Thursday, May 24, 2012

To My Best, My Friends Are Free

From the files of Goodwood:

This little verse was transcribed in Sen. Hodges' hand.  The earliest known reference is in The Jester's Magazine or The Monthly Merrymaker, published in 1767.  With minor changes along the way, it was oft quoted though the 1800's.   It was even included in the 1816 volume Elegant Extracts in Poetry:  Selected for the Improvement of Young Persons.  It is unknown where Sen. Hodges came across this version.

To my best, my friends are free
Free with that and free with me.
Free to pass the harmless joke
And the tube sedately smoke
Free to drink just what they please
As at home and at their ease.
Free to spend a night or so.
When uneasy, free to go.

Wednesday, May 23, 2012

View of Park Avenue

Here is a view of Park Avenue, with First Presbyterian to the right and Trinity United Methodist to the left.  To put this in context:  First Presbyterian Church was completed in 1838 and Trinity U.M. Church in 1840.  The Goodwood home was completed in 1840.  Florida became a state in 1845.  Notice the horse and buggy in front of Trinity.

This photograph was taken by Senator Hodges c. 1890.

Tuesday, May 22, 2012

L. E. Arrowsmith's School Book

In the parlor library:

I apologize for the fuzzy photos.  This is an English grammar book by Lindley Murray dated 1834 (sixth edition).  What is so interesting is the name inscribed:  L. E. Arrowsmith.  Was Lucy Anne Ellinor's book?  Lucy, the daughter of Dr. & Mrs. Arrowsmith, was born c. 1859.  Or did this book belong to another L. E. Arrowsmith, perhaps Dr. Arrowsmith's sibling?  (Dr. Arrowsmith was born in 1818 and married in 1839.)   Hmmm....

About the author:  Lindley Murray (1745-1826) was an American Quaker who moved to England before writing his grammar textbooks.  His first textbook was written for a Friends' school, although later his books gained a wider audience, selling millions of copies.

The 1819 (fourth edition) of this book is available online.

Update:  Volume I of this book has surfaced.  It also bears the inscription of L. E. Arrowsmith.

Monday, May 21, 2012

The Whitehead Piano

From the files of Goodwood:
The Whitehead Piano by Ruth Whitehead Roberts
Amos Whitehead graduated from the University of Virginia.  His father, Dr. James Whitehead of Waynesboro, Georgia, was preparing to deed Amos one of his plantations.  Dr. Whitehead was a very wealthy gentleman, who owned several large plantations.  However, Amos told him that he’d rather have money instead.  You see, he wanted to buy a place in Florida, which had only been acquired by the U.S. government a few years before.
Dr. Whitehead gave his son a trunk that contained a million and a half dollars, and came to North Florida with Amos.  It was as beautiful as their friends had described it.  Amos proceeded to buy a large tract of land on the eastern side of Lake Jackson and built his home on a hill.  This homesite is now owned by the Frank Shaw, Seniors.  In time, Amos fell in love with Margaret Bradford, daughter of Dr. Edward Bradford and Martha Branch Bradford and granddaughter of Governor John Branch. (Note:  John Branch was Susan Hopkins’ father.) They owned two plantations in the area–Pine Hill, on both sides of what is now known as Thomasville Road, and Horseshoe, which overlooked Lake Iammonia.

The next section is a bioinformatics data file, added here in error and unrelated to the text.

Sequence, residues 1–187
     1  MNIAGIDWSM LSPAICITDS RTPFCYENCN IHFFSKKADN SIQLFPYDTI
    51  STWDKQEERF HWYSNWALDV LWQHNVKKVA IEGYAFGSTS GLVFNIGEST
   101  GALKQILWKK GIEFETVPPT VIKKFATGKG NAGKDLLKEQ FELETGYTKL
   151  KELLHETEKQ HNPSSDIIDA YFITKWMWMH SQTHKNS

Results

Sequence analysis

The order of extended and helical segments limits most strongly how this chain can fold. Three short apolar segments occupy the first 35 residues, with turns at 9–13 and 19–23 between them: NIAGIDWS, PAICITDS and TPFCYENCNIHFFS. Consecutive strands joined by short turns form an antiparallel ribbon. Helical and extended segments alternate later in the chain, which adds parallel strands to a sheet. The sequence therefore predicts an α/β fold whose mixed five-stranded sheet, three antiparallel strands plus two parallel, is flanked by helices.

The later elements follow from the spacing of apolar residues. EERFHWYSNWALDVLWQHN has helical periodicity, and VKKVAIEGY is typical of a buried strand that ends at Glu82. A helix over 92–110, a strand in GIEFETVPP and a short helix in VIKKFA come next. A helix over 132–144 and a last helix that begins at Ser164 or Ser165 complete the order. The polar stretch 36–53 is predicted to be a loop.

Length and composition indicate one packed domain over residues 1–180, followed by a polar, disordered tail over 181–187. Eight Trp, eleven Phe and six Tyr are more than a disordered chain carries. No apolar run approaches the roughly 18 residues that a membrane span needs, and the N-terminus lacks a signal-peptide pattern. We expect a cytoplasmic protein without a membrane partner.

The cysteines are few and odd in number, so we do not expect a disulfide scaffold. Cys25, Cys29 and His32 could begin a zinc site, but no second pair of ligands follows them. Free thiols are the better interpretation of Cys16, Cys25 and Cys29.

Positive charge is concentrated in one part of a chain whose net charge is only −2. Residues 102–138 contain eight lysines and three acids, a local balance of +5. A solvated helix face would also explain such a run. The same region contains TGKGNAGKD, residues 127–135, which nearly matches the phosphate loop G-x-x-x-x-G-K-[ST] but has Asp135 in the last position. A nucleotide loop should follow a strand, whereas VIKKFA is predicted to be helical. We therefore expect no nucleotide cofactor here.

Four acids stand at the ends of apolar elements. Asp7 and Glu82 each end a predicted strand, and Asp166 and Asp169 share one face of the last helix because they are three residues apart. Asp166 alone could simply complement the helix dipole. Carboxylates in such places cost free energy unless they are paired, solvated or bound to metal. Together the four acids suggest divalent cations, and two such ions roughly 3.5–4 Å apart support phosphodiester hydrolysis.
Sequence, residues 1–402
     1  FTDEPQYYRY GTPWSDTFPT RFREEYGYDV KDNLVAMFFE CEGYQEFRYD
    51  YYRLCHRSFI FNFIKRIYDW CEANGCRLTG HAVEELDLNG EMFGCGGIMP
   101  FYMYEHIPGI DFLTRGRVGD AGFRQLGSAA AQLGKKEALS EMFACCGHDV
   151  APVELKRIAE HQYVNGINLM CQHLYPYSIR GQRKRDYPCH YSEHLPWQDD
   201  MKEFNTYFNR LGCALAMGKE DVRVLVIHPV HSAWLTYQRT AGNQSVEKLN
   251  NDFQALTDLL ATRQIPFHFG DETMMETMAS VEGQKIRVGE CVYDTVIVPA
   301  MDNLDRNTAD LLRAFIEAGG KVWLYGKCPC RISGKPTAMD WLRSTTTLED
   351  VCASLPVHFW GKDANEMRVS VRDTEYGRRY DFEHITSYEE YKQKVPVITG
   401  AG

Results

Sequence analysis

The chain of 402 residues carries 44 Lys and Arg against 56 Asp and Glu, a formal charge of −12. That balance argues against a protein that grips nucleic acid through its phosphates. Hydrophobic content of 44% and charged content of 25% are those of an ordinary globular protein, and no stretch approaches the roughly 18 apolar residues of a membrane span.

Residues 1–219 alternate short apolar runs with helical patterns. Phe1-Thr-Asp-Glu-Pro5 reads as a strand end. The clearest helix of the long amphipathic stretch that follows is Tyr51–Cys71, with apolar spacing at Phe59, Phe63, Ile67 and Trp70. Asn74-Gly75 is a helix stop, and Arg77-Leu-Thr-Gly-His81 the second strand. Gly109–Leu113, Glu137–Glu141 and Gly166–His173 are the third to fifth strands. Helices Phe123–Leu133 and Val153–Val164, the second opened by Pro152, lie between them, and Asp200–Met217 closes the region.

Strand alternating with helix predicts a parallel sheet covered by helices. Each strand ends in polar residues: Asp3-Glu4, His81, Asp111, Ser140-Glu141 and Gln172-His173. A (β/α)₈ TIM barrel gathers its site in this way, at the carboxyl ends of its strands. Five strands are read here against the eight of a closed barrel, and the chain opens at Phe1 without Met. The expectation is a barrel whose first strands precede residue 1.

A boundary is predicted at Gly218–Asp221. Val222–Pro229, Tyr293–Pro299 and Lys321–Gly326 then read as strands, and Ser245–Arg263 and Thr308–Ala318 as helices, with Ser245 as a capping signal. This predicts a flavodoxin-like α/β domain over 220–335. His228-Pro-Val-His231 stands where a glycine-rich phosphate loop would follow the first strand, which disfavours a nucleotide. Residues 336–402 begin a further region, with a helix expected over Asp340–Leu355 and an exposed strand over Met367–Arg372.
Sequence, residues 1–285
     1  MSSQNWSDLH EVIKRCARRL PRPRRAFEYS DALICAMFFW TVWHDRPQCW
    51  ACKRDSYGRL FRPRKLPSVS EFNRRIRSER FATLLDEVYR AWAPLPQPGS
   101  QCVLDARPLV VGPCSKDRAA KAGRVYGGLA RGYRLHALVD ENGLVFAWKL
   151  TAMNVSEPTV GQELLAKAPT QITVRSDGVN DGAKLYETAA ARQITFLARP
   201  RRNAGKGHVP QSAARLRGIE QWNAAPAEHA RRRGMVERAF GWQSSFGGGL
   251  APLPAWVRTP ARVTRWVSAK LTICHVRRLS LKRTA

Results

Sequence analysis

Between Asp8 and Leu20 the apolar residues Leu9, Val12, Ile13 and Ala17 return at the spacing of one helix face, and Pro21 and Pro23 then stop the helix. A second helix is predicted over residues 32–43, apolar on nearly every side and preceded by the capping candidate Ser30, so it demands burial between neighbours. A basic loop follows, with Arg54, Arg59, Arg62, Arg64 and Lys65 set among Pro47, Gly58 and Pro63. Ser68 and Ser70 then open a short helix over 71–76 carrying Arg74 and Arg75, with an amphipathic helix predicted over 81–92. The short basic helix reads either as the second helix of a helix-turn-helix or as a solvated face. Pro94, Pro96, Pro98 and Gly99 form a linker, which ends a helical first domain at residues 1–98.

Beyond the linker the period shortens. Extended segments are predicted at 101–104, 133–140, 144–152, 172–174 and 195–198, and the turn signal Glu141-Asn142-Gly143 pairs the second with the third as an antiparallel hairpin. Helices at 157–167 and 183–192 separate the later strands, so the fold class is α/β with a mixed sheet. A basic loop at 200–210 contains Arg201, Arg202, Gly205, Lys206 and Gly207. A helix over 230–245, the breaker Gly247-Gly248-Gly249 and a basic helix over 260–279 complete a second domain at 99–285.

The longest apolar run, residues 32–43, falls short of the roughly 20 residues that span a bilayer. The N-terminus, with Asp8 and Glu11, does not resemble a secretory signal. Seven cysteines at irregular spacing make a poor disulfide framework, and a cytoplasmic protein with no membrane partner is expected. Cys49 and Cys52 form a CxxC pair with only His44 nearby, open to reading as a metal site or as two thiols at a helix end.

When Amos and Margaret became engaged, he went to Europe to buy her gifts.  One was a complete set of real pearls–necklace, rings, bracelet and a head band.  He also gave her a beautiful piano, inlaid with green sea snail, that he had bought in New York.  The happy couple was soon married.  As Amos was a captain of the Tallahassee Co. “M”, 2nd Regiment, Florida Infantry, C.S.A., he soon went to war.  He lost a leg in the Battle of Gettysburg, had a wooden one attached and was sent home to recuperate.  Later, while supervising his father-in-law’s lumber mill, his leg was cut by a saw and he bled to death.  He died October 13, 1874.
His wife, Margaret, lost the plantation and all of her property.  She went to live with her daughter in Tallahassee, who lived just a few blocks from William C. Hodges, his wife and his mother.  When Margaret Whitehead began to grow feeble, she sold the piano to William Hodges.  He, in turn, gave it to his mother.  It was kept in their family until they had all passed away.
William Hodges’ wife, after his death, married Col. Thomas Hood.  After Mrs. Hood (Hodges) died, Col. Hood gave the piano to the Brokaw McDougall House.  (It has since been returned to Goodwood.)
I am the granddaughter of Amos and Margaret Whitehead.  I was also a friend of the Hodges family from about 1925 until their deaths.

Friday, May 18, 2012

A Previous Residence of Dr. William Lamb Arrowsmith

Dr. Arrowsmith, who moved to Goodwood in 1885, lived previously in a number of other locations.  The wedding certificate of his daughter Lucy Anne Ellinor Arrowsmith to Frederick Molison Burke states that this was her residence in 1877.  Now this property, 22 Gordon Square, belongs to University College London.

Virginia Woolf's residence was 46 Gordon Square from 1905-1907 and the plaques related to the Bloomsbury group are located at 50 and 51 Gordon Square.  The economist John Maynard Keynes lived at 46 Gordon Square (1916-1946), marked by a plaque in his honor.

Thursday, May 17, 2012

Lands of Leon, 1911

For your reading pleasure,  the 1911 edition of the Daily Democrat's "The Lands of Leon."  This is a wonderful peek into the world of Leon county during this time period.  Many familiar names and places are mentioned, including Goodwood (see page 46).  We have two copies in our collection, but I was pleased to find an online version in the University of Florida Digital Collections.